Showing posts with label serrano ham. Show all posts
Showing posts with label serrano ham. Show all posts

Simply Snacking: Espuña Tapas Essentials

The culture of sharing little bites is everywhere in the world: the French pass around hors d’oeuvres, Italians have antipasto, and Chinese families love dim sum. In Spain, they’re known as tapas, a selection of cold or hot dishes often eaten as a snack but could be combined into a meal. While travelling in Barcelona, they were a wonderful pick-me-up after hours of sightseeing to refill on nutrients and cool down with beer or sangria.

Sometimes tapas are purchased, but the simpler versions are offered on a complimentary basis with drinks. In fact, the practice began when bread or meat slices were given out to patrons at taverns to cover their glasses and keep out the blowing sand from dirt roads. The meats also tend to be saltier to encourage drinking and higher alcohol sales.  

This year, Espuña Tapas Essentials is crossing the ocean and entering the Canadian market. Currently found in Longo’s Market stores, they offer a variety of 18 sliced meats and heat-and-serve products. As an introduction I received a selection of products to try and invited friends over to sample them over wine – luckily my home wasn’t overly dusty as there’s no way these meats would cover the large wine glasses we use nowadays.

Directly translated as “mountain” ham, the Serrano ham used to be cured in sheds in high altitudes. Delicious on its own, I also enjoyed the ham on toasted bread brushed with olive oil with lightly aged white cheddar. The heat of the bread starts to warm through the cheese and softens the thin layers of fat on the Serrano ham to give the tapa a creamy feel.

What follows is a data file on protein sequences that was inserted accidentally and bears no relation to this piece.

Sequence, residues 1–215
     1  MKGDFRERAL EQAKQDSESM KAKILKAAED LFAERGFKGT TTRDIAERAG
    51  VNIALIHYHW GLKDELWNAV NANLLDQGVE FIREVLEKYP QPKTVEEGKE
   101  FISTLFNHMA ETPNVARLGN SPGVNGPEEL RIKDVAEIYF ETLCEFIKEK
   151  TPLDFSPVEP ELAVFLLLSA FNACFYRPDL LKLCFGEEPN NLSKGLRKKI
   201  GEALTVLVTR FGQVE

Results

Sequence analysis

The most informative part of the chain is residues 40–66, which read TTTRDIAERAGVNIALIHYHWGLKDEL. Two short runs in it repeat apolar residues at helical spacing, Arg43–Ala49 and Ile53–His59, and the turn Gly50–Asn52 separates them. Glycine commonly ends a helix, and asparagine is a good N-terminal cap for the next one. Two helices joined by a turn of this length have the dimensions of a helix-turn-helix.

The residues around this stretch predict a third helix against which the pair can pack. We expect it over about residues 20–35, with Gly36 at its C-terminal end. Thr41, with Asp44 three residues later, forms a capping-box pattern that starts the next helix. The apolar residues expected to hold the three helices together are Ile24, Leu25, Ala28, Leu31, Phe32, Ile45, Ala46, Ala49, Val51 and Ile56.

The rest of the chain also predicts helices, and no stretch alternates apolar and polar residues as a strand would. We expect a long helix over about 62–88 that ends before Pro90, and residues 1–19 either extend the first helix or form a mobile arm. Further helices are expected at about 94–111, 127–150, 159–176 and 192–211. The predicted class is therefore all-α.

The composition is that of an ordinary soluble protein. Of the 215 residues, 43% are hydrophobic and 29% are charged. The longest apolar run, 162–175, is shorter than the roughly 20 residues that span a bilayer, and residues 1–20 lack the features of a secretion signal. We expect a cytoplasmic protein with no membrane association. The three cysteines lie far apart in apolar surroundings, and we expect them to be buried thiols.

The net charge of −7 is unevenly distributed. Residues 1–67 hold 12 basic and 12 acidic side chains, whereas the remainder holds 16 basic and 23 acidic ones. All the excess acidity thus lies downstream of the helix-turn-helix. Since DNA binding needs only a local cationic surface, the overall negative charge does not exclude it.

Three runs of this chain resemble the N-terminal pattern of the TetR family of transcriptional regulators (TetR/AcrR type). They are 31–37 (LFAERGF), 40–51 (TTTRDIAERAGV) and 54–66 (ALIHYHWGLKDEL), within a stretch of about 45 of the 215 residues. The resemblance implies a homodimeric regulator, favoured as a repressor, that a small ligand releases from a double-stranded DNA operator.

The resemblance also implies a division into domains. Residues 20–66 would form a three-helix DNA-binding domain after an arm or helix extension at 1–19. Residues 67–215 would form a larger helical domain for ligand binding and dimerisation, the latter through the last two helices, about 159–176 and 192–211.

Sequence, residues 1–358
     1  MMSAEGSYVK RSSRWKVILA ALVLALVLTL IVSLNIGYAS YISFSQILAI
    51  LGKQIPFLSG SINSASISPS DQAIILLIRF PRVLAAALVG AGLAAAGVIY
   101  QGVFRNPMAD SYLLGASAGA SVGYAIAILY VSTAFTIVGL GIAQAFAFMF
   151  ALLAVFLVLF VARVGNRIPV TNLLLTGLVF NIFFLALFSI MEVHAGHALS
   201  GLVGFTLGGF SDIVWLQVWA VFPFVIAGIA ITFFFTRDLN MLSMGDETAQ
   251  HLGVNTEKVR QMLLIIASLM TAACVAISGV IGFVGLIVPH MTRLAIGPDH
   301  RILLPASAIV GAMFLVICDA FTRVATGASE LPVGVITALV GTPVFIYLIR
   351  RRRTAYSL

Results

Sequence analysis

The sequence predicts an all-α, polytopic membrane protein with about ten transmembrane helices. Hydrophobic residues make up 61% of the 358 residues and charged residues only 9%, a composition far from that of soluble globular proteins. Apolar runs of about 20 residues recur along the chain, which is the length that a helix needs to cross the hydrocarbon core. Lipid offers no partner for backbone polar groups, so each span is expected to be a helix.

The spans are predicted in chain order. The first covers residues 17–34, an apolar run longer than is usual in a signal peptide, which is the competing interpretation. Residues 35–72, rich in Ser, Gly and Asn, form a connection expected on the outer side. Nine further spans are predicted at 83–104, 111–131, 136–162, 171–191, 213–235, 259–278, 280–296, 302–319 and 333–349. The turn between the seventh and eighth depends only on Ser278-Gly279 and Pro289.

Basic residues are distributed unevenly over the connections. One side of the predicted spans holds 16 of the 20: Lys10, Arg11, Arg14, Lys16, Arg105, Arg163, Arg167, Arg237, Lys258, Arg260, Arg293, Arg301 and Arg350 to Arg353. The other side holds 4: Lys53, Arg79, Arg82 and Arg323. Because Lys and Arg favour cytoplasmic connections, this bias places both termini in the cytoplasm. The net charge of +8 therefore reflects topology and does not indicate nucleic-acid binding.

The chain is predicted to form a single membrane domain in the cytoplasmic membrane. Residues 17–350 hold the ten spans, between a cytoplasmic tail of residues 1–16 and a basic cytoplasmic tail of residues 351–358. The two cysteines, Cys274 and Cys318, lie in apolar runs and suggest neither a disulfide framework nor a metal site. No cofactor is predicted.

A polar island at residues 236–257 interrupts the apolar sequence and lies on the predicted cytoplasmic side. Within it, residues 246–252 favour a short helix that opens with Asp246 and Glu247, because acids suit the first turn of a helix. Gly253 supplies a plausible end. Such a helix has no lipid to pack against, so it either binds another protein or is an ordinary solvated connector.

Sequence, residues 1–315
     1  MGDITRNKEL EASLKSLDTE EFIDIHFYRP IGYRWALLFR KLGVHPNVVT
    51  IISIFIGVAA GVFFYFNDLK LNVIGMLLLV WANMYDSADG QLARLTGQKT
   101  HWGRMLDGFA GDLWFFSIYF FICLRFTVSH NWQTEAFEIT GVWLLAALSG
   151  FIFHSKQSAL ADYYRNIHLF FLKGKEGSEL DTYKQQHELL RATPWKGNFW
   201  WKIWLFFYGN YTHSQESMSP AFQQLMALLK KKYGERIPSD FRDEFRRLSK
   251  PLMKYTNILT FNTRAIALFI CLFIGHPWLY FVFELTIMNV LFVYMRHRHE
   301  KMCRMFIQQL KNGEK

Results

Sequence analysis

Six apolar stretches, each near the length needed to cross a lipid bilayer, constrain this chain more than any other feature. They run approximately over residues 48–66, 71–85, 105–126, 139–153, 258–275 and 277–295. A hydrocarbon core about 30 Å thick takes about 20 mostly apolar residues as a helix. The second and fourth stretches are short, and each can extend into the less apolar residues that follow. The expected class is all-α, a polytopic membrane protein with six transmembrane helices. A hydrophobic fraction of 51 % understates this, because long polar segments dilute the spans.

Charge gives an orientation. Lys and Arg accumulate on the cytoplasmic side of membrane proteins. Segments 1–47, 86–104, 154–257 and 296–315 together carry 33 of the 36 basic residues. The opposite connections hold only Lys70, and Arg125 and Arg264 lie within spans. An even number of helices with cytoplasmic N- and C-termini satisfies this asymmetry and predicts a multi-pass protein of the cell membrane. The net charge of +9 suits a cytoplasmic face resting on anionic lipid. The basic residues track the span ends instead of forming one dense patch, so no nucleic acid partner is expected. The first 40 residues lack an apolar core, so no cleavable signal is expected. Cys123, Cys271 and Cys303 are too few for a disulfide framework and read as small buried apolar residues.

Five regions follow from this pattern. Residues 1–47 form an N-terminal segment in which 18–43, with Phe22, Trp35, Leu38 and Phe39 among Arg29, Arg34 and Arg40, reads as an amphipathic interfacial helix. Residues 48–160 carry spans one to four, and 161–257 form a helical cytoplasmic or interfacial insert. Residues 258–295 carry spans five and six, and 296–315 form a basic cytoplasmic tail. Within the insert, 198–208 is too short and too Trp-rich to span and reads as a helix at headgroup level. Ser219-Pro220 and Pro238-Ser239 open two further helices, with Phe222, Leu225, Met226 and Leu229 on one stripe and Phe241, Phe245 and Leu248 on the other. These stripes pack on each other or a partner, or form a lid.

If you like your charcuterie fattier (especially when pairing with beer), Espuña has a whole line of salamis. The Barcelona style (on the left in the picture below) is less blubbery and seasoned longer to really allow the salt and pepper to permeate the meat. The longer curing period also makes the pork dryer and a tad gamier than your typical salami.

Meanwhile, the original Olat salami (in the middle in the picture above) originates from the founder’s region, in the North Eastern part of Spain. Larger chunks of fatty pork is stuffed into a thin casing and seasoned again. A little greasy for my tastes, but was the salami my husband happily inhaled.

If you’re in the mood for a real salty snack, the chorizo cañitas takes pepperettes to the next level. Like its name, the cañita is thin and long like a “drinking straw”; Espuña even suggests you serve them standing up in a glass with breadsticks.

For me, since the soft pork was so well-seasoned with salt and paprika, I found the cañitas were best consumed in small pieces tucked into a soft piece of bread. Use them for a quick omelette: dice one cañita into small pieces, mix into two beaten eggs, and cook! You don’t even need to add any salt and pepper, making it one of the quickest breakfasts I’ve ever made.

The heat and serve line is ingenious for making tapas that could transform into a hearty meal. After removing from the packaging and a quick minute in the microwave, I was presented with juicy aromatic meat skewers with chopped fine herbs and a sweet and salty bacon wrapped dates. These are great for dinner parties, especially since they can be prepared in small batches to provide guests with a hot treat. 

When Esteve Espuña first started making sausages in a farmhouse near Olot, little did he know that his creations would eventually be eaten worldwide. Thanks to his family member’s working to expand the brand, I’ve received a taste of Spain in Canada. Mix with fresh bread, a selection of cheeses and grilled vegetables, their creations really allowed for a satisfying spread with friends. 

Disclaimer: The above snacks were provided on a complimentary basis. Rest assured, as noted in the mission statement, I would never promote something I didn't actually enjoy.

MORE: Back to Simply Snacking

How To Find Them 
 Website: or Longo's
 Approx. Price:  $2.99 - $6.99

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